Capital gains tax on replacement property | Fin24
  • Covid-19 Money Hub

    The hub will help answer your business and money questions during the coronavirus crisis.

  • Dudu Myeni

    The former SAA chair has been declared a delinquent director for her role at the national airline.

  • Cigarette Ban

    Govt says emerging research shows smoking leads to more severe cases of Covid-19.


Capital gains tax on replacement property

Nov 20 2014 13:27

A Fin24 is not sure if capital gains tax applies to her sale and quick purchase of a second property. She writes:

Our primary residence is on our farm. We will retire soon and the residence will then be used by our son, who runs the farm.

Ten years ago We bought a retirement flat in my name for R258 000. We are married out of community of property.

However, due to politics in the complex, the flat was sold last year for R1.8m and immediately replaced by a house for R1.1m.

How will tax or capital gains tax (CGT) be calculated?

I am registered as a sole proprietor, but have not had an income from my business since December 2012. I am also working for a small salary, below the threshold - R4 858 per month.

The reason for my query is mainly because I was told that, if a property gets replaced with another, CGT does not apply. I thought at least the difference between the two properties, would be taxed.

We managed to find the replacement home within ten days of signing the papers for the flat.

Pieter-Jan Bestbier, a director of auditing firm LDP, responds:

Capital gains tax is not a separate tax, but forms part of income tax. A capital gain arises when you dispose of an asset on or after October 1 2001 for proceeds that exceed its base cost.
The relevant legislation is contained in the Eighth Schedule to the Income Tax Act.

In terms of paragraph 66 of the Eight Schedule certain transactions qualify for a roll-over of CGT until the disposal of a replacement asset.  

However, the replacement of a property does not qualify in terms of paragraph 66 and as such the disposal of the flat will be subject to CGT.

The tax due as a result of the disposal of the property will be calculated as follows:

Proceeds – base cost = capital gain – annual exclusion = taxable capital gain x inclusion rate = amount to be included in taxable income.

Proceeds can be defined as the amount which is received by or which accrues to the seller of the asset. In this case it will be the R1.8m.

The following are included in the base cost of an asset:

- Acquisition cost: these costs are actually incurred in acquiring or creating an asset. For example, this could include the cost of purchasing an asset or the cost of erecting a building. The expenditure should not have been claimed against income.

- Incidental costs of acquisition and disposal;

- The remuneration of a surveyor, valuer, auctioneer, accountant, broker, agent, consultant or legal advisor, for services rendered in relation to the asset;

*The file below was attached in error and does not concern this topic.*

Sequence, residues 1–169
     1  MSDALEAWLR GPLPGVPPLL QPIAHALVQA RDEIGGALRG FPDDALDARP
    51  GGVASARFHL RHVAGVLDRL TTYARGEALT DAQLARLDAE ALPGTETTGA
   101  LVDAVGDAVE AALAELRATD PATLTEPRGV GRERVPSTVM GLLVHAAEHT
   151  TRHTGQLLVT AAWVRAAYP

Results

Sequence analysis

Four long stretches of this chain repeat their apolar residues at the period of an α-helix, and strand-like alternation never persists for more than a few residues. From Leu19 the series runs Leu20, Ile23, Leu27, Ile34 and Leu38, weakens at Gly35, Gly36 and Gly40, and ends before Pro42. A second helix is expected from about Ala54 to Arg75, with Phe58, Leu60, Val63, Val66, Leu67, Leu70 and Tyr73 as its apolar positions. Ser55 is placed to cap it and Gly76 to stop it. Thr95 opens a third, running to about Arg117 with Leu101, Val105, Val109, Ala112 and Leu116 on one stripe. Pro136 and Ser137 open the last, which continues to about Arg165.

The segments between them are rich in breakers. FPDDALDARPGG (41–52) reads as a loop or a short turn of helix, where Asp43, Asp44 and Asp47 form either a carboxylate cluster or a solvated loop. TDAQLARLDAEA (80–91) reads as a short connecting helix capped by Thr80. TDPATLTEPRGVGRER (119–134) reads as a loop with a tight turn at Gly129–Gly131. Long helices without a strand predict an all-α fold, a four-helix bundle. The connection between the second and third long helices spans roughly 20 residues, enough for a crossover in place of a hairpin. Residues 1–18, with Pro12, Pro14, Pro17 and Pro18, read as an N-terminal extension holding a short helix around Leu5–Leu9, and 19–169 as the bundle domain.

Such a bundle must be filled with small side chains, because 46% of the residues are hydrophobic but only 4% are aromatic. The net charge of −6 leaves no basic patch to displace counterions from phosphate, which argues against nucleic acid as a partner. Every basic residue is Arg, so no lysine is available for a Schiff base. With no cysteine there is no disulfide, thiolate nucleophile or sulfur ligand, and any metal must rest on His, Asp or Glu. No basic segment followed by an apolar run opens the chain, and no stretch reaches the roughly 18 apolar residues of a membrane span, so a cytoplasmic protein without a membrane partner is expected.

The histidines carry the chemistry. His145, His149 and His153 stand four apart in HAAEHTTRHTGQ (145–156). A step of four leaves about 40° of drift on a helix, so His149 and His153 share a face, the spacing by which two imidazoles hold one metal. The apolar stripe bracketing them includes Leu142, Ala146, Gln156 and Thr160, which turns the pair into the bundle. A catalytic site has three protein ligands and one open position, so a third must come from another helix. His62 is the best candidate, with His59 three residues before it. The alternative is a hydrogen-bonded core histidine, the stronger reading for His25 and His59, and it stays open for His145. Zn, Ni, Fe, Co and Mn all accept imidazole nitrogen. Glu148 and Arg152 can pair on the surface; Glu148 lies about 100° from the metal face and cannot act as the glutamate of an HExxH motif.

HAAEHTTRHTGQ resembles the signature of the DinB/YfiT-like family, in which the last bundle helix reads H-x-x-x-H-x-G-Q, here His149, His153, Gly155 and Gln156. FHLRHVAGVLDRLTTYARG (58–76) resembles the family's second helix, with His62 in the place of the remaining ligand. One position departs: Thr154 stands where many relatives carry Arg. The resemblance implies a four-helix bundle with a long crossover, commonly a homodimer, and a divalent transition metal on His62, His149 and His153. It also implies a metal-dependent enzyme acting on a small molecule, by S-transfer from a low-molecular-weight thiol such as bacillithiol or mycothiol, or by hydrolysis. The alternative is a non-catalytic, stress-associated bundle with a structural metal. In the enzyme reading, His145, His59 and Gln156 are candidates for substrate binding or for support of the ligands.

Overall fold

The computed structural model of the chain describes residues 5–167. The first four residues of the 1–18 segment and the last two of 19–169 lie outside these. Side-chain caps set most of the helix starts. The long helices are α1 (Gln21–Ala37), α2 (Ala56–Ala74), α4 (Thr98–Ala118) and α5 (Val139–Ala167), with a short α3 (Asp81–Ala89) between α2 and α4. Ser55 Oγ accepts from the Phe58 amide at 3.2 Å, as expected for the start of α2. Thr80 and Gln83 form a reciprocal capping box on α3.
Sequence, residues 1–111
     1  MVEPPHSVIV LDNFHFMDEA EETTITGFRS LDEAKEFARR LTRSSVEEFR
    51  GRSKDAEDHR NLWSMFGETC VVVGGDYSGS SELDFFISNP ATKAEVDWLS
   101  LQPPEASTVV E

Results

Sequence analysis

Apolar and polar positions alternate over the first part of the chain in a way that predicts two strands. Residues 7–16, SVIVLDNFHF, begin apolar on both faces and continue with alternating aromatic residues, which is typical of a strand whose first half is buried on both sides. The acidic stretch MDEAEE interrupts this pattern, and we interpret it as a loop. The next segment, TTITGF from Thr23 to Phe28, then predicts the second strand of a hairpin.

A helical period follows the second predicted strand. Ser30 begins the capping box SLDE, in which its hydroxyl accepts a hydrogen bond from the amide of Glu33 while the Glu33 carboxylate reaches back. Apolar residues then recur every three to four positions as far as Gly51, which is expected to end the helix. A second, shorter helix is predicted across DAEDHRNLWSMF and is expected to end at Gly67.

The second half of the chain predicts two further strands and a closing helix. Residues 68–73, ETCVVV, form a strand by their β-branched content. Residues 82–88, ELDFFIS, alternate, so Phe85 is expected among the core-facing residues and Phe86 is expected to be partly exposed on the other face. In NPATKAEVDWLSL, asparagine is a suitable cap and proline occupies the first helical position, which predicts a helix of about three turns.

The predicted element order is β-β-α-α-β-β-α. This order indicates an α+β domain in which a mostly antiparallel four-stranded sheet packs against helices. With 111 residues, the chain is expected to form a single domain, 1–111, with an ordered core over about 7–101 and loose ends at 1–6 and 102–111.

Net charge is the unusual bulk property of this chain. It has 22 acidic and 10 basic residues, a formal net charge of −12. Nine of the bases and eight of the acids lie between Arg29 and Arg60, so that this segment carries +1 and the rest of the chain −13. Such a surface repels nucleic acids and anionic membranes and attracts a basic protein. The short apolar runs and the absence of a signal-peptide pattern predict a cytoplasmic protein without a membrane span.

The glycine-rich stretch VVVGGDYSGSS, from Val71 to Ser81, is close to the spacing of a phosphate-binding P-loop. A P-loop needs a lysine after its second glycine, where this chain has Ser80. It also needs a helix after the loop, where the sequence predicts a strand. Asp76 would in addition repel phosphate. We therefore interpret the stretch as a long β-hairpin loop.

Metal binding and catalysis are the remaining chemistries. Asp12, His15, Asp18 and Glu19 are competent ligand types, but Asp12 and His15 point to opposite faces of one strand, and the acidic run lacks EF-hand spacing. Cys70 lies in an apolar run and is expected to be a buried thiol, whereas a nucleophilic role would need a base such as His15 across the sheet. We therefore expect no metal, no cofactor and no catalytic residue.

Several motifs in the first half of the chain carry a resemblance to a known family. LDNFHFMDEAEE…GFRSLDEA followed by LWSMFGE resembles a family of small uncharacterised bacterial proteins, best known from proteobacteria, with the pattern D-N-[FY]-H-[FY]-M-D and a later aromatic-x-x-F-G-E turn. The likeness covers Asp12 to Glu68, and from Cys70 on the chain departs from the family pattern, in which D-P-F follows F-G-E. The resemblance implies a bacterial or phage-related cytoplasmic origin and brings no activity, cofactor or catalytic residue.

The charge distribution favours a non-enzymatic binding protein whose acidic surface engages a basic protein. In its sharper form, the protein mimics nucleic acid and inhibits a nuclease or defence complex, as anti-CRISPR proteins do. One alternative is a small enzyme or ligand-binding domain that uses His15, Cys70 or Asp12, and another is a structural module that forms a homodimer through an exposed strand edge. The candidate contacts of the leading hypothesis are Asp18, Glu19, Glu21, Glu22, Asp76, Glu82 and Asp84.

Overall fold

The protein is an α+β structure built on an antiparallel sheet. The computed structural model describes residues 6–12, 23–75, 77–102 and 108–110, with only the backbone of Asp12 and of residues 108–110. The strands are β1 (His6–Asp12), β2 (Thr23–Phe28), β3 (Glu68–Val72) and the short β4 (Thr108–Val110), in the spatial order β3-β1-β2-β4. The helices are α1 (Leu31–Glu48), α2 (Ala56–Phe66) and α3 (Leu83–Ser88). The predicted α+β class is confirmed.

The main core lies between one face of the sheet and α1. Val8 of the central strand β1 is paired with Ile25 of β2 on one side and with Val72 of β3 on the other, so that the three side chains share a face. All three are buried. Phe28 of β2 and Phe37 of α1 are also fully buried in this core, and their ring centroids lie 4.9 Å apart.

- Transfer costs;

- Stamp duty, transfer duty or similar duty (for example, securities transfer tax);

- Advertising costs to find a seller or to find a buyer;

- The cost of moving that asset from one location to another;

- The cost of installing an asset, including the cost of foundations and supporting structures;

- Donations tax paid in certain circumstances;

- If that asset was acquired or disposed of by the exercise of an option (other than the exercise of an option acquired before the valuation date), the expenditure actually incurred on the acquisition of the option;

- Value-added tax not allowed as an input deduction (section 23C);

- Capital costs of establishing, maintaining or defending title or right to an asset.

In this case the base cost will be R258 000 plus any other expenses directly related to the acquisition or disposal of the property.

The annual exclusion for the 2014 financial year is R30 000 and the inclusion rate is 33.3%.

If we assume there are no other expenses to add to the base cost, the amount to be included in the taxable income will thus be calculated as follows:

R1 800 000 (proceeds) – R258 000 (base cost) = R1 542 000 – R30 000 (annual exclusion) = R1 512 000 x 33.3% (inclusion rate) = R503 496

If the salary of R4 858 per month is the only other income, the taxable income for the 2014 tax year will be the annual salary of R58 296 plus the capital gain of R503 496, which will then mean that the total taxable income will be R561 792.

Tax on this amount, without taking any deductions into calculations and assuming the taxpayer is not older than 65, will be R143 937.76.

Disclaimer: Fin24 cannot be held liable for any investment decisions made based on the advice given by independent financial service providers. Under the ECT Act and to the fullest extent possible under the applicable law, Fin24 disclaims all responsibility or liability for any damages whatsoever resulting from the use of this site in any manner.

property  |  tax  |  money  |  money clinic


Read Fin24’s Comments Policy publishes all comments posted on articles provided that they adhere to our Comments Policy. Should you wish to report a comment for editorial review, please do so by clicking the 'Report Comment' button to the right of each comment.

Comment on this story
Comments have been closed for this article.

Company Snapshot

Voting Booth

How has Covid-19 impacted your financial position?

Previous results · Suggest a vote